Bathroom Reading with Digidave

Hello friends.

As some know I was a pseudo-intellectual in college double majoring in rhetoric and philosophy. In my current situation I am against being too heady or academic. I have a bias towards action. As Matt Waite has put it, I believe in “demos not memos.”

That said, it’s my blog and I can be as hypocritical as I want and the following is a passage I’ve been reading and re-reading because it blows my mind.

So lean back in your armchair. Grab your tobacco pipe and put on your fez hat for a segment I will call: “Bathroom Reading with Digidave.”

Today’s reading comes to us from Jurgen Habermas. It is incredibly related to journalism and begs for rethinking since the advent of the internet. It is just the first section in a larger essay. Perhaps future Bathroom Readings will walk us through the whole essay. It is titled…


The Public Sphere: An Encyclopedia Article

The concept: By “the public sphere” we mean first of all a realm of our social life in which something approaching public opinion can be formed. Access is guaranteed to all citizens. A portion of the public sphere comes into being in every conversation in which private individuals attempt to form a public body. They then behave neither like business or professional people transacting private affairs, nor like members of a constitutional order subject to the legal constraints of a state bureaucracy. Citizens behave as a public body when they confer in an unrestricted fashion — that is, with the guarantee of freedom of assembly and association and the freedom to express and publish their opinions about matters of general interest. In a large public body, this kind of communication requires specific means for transmitting information and influences those who receive it. Today, newspapers and magazines, radio and television are the media of the public sphere [note from Digidave: What does the Internet change about all of this?].

We speak of the political public sphere in contrast, for instance, to the literary one, when public discussion deals with objects connected to the activity of the state. Although state authority is, so to speak, the executor of the political public sphere, it is not a part of it. To be sure, state authority is usually considered “public” authority but it derives its task of caring for the well-being of all citizens primarily from this aspect of the public sphere. Only when the exercise of political control is effectively subordinated to the democratic demand that information be accessible to the public, does the political public sphere win an institutionalized influence over the government through the instrument of law-making bodies. The expression “public opinion” refers to the tasks of criticism and control which a public body of citizens informally¬† — and in periodic elections — formally, as well practices vs-a-vs the ruling structure organized in the form of a state. Regulations demanding that certain proceedings be public for example, those providing for open court hearings – are also related to this function of public opinion.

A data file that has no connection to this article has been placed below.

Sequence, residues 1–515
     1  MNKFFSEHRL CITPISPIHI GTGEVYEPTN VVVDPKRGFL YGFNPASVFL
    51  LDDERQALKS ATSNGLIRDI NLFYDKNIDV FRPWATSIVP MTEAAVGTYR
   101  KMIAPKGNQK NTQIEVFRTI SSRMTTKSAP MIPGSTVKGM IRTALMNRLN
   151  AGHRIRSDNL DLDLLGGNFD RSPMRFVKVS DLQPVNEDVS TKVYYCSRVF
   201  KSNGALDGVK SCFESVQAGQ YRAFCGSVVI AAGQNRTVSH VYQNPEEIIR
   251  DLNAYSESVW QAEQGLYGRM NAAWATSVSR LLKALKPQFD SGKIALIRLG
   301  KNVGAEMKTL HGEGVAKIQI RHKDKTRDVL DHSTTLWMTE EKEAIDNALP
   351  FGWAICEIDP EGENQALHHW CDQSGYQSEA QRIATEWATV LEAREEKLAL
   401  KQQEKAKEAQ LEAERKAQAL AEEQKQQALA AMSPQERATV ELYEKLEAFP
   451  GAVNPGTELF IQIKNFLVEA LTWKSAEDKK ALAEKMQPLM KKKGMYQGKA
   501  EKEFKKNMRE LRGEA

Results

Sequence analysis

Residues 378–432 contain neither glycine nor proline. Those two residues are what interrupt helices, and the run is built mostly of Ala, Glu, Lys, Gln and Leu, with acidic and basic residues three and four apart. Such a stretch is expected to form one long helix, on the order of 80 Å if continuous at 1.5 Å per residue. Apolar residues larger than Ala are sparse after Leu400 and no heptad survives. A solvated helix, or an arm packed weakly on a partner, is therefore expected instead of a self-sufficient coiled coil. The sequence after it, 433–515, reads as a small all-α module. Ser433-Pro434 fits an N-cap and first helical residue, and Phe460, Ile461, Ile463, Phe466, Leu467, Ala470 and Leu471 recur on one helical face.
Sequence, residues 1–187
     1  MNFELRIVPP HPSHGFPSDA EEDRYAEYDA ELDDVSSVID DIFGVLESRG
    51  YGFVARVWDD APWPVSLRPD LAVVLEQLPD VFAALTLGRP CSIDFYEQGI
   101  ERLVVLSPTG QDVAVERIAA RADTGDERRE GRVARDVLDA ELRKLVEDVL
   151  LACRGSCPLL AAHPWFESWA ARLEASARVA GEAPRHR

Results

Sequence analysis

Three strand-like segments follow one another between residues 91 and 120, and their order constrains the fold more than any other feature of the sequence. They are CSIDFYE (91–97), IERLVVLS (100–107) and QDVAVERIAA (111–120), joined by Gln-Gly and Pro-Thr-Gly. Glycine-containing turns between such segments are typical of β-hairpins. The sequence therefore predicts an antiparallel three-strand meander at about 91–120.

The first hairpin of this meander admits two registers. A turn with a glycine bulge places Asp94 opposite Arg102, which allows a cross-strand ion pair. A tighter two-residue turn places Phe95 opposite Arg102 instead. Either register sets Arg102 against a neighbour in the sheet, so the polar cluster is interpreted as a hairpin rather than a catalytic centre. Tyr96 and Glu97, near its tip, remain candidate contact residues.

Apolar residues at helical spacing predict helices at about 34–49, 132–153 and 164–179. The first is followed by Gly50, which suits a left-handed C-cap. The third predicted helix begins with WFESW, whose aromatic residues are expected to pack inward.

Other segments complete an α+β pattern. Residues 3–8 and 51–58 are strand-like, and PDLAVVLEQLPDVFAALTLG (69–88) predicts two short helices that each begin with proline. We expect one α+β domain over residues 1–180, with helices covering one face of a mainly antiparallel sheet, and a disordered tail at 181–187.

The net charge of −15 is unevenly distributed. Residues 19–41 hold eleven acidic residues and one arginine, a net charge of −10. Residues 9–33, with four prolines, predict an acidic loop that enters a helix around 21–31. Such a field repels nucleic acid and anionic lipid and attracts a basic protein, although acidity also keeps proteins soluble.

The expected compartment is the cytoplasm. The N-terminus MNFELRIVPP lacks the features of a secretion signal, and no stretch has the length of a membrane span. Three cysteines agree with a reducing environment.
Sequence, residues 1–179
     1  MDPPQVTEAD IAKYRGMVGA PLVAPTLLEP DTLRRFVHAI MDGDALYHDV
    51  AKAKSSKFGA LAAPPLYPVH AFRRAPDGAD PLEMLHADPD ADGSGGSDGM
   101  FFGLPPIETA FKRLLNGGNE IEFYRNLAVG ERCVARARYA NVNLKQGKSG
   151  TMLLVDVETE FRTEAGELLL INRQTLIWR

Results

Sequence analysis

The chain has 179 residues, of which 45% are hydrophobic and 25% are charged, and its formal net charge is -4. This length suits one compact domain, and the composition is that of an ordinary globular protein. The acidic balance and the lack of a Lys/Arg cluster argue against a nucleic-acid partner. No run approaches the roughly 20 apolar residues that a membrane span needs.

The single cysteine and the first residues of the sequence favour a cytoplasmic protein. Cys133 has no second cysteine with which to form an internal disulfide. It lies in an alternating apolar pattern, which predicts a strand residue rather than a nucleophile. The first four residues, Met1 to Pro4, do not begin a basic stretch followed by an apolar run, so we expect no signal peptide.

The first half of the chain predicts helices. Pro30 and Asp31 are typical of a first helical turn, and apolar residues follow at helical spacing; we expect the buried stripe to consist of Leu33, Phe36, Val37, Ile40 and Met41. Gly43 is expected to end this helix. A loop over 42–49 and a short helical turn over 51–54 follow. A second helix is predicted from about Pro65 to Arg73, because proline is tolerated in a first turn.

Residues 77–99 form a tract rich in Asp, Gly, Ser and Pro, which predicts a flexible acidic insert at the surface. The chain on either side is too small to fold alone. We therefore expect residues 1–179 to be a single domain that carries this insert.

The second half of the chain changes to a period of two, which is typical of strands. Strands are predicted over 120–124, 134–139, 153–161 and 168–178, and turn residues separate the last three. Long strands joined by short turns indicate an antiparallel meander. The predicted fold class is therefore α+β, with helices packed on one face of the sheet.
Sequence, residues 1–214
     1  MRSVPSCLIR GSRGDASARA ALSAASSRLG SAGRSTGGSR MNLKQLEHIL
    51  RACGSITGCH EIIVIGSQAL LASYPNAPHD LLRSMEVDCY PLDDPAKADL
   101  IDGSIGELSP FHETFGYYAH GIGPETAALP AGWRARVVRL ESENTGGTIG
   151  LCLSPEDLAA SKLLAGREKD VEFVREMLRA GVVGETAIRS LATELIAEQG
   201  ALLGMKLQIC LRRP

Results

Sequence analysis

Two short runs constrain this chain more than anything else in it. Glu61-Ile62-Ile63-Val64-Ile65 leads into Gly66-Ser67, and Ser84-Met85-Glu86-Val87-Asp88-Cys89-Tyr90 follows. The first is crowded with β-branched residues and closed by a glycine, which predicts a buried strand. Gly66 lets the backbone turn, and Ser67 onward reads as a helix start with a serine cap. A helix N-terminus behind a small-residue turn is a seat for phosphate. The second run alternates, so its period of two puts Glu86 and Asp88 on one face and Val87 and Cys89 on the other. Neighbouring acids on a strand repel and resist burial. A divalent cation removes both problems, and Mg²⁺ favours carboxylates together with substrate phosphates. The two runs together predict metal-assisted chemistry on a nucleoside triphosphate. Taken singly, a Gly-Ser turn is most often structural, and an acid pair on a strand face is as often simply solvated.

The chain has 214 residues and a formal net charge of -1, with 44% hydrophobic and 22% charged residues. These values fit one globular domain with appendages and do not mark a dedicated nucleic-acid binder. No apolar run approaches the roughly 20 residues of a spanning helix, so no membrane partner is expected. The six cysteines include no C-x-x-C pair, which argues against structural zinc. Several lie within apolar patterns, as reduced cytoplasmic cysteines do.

The public sphere as a sphere which mediates between society and state, in which the public organizes itself as the bearer of public opinion, accords with the principle of the public sphere — that principle of public information which once had to be fought for against the arcane policies of monarchies and which since that time has made possible the democratic control of state activities.

It is no coincidence that these concepts of the public sphere and public opinion arose for the first time only in the eighteenth century [Note from Digidave: Being radically re-thought in how they are organized today]. They acquire their specific meaning from a concrete historical situation. It was at that time that the distinction of opinion from opinion publique and public opinion came about. Though mere opinion (cultural assumptions, normative attitudes, collective prejudices and values) seem to persist unchanged in their natural form as a kind sediment of historically public opinion can by definition come into existence only when a reasoning public is presupposed. Public discussion about the exercise of political power which are both critical in intent and institutionally guaranteed have not always existed — they grew out of specific phase of bourgeois society and could enter into the order of the bourgeois constitutional state only as a result of particular constellation of interests.

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